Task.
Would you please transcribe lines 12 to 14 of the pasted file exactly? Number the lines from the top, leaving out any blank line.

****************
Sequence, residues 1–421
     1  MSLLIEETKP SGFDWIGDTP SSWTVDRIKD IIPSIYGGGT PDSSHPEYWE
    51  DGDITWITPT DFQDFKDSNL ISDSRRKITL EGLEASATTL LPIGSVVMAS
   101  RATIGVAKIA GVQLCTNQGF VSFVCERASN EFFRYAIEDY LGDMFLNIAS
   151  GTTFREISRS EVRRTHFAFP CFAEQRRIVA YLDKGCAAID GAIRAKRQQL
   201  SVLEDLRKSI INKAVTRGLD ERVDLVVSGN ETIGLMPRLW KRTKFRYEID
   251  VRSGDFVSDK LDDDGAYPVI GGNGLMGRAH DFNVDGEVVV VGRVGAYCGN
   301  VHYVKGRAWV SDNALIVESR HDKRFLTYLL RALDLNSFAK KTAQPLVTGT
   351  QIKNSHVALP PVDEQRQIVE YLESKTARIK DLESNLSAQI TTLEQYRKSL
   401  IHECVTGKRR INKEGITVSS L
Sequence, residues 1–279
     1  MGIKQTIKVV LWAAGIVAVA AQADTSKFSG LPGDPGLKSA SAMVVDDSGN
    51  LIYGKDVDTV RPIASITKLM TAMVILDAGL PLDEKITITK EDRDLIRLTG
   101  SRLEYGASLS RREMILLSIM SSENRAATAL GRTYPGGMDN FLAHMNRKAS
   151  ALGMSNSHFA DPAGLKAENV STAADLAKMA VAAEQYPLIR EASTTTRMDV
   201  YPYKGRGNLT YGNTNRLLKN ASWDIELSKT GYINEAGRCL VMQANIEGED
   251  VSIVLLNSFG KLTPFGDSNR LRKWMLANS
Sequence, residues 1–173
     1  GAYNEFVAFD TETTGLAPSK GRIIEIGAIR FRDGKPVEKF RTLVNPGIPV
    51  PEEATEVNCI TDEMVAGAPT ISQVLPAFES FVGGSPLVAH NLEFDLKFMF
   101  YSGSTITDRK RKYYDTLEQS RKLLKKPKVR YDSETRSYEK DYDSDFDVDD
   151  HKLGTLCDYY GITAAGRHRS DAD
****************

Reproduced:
     1  MGIKQTIKVV LWAAGIVAVA AQADTSKFSG LPGDPGLKSA SAMVVDDSGN
    51  LIYGKDVDTV RPIASITKLM TAMVILDAGL PLDEKITITK EDRDLIRLTG
   101  SRLEYGASLS RREMILLSIM SSENRAATAL GRTYPGGMDN FLAHMNRKAS